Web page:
Atlanta hosts the largest gathering of U.S. court interpreters this weekend.
May 16, 2015 § 2 Comments
This weekend many of the top-notch court interpreters in the United States will meet in Atlanta for the annual conference of the National Association of Judiciary Interpreters and Translators (NAJIT). For this reason, when I was asked by the Atlanta Association of Interpreters and Translators (AAIT) to write a piece for the special conference issue of their publication “Bridges”, I agreed to first publish it there, and post it here later on the day.
Professional conferences are vital to any activity and we are no exception. As you all know, these are the places where we solidify and improve our knowledge, advance our skills, and refresh our ethics. That in itself makes them invaluable, but NAJIT’s annual conference is much more than that.
Those attending the conference will be pleasantly surprised to learn that many of the living legends of court interpreting will be there, and that they will be joined by some local and brand new talent in our industry. You see, the conference will welcome more than court interpreters and legal translators. Conference, medical, community, military, and other types of professional interpreters will be in Atlanta adding value to the event, sharing their knowledge and experience, and developing professional networks across disciplines and places of residence.
I invite you to approach old and new colleagues and have a dialogue with them. I believe that these conferences give us an opportunity to do all the academic things I mentioned above; but they also provide a forum for interpreters to discuss those issues that are threatening our profession. Atlanta is giving us a unique opportunity to talk about strategy on issues as important as the development of technologies and the efforts by some of the big agencies to keep these new resources to themselves and use them to take the market to lows that are totally unacceptable to professionals. We can openly talk about strategy to defend our fees, working conditions, and professionalism, while at the same time initiating a direct dialogue with the technology companies who are developing all the new software and hardware that will soon become the standard in our profession.
Finally, the conference will also help you to get more exposure to other interpreters, and will provide situations where we will have a great time and create long-lasting memories and new friendships across the country and beyond. I now ask you to share with the rest of us your motivation to attend this and other professional conferences. I hope to see you this weekend!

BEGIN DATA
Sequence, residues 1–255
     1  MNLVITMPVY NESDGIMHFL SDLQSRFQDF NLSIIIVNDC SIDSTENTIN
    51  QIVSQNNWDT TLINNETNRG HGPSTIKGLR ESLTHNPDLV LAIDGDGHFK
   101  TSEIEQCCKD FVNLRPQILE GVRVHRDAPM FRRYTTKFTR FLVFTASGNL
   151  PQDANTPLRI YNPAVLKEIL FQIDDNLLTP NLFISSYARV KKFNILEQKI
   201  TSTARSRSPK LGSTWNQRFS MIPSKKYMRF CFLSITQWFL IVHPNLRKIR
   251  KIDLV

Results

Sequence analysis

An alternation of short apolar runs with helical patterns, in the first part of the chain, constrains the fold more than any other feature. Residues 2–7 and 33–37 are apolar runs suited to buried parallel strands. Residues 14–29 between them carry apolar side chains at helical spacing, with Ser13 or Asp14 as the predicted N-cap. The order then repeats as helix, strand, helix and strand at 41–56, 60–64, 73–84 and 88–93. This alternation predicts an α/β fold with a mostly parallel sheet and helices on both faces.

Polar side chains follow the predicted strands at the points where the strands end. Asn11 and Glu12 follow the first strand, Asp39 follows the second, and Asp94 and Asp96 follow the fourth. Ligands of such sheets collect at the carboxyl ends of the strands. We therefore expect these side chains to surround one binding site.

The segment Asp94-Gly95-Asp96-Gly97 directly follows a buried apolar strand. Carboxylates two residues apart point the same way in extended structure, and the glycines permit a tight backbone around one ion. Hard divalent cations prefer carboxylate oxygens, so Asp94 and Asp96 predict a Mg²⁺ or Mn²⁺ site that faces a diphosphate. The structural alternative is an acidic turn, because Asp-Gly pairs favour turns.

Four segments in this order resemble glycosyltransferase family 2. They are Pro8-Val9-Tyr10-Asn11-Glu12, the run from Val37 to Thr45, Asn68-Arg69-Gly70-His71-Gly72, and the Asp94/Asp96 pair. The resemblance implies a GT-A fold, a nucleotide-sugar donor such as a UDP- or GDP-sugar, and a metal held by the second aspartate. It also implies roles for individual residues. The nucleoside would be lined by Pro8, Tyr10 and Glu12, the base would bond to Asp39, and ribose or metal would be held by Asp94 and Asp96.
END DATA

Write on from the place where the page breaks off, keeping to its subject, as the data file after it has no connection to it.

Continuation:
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“I believe that these conferences give us an opportunity to do all the academic things I mentioned above; but they also provide a forum for interpreters to discuss those issues that are threatening our profession.”
Not if the http://www.najit.org/Conferences/2015/schedule.php is anything to go by, yet again. As can always be relied on to be the typical line up at ATA and NAJIT conferences: it’s all the usual “law terminology”, “accent reduction”, “dialectal variations” innocuous type fare. Nothing that even hints at the Big Taboo Topic of how (to the detriment of the interpreter) the dough is divvied up and under what (substandard) conditions it is earned.
“We can openly talk about strategy to defend our fees, working conditions, and professionalism,…”
Yeah, perhaps while muttering under your breath walking the hotel corridors between conference sessions where none of this is being discussed or while sharing a cab to the airport with a colleague…
The one-hour town hall meeting might be the only venue where these topics could possibly be broached (or at least the question asked why they are never addressed in conference sessions in the first place) – if there is anyone present and willing with the cojones to speak up and the relevant background knowledge and insight into How Things Are.
If you find yourself to be the only one or one of the few who fits that description (which in part explains why things are the way they are), you might be better advised not to speak up at all after all – the entities which sponsor these events, whose profit margins and ease of operation are proportional to the docility of their workforce, will not take kindly to those who question their modi operandi.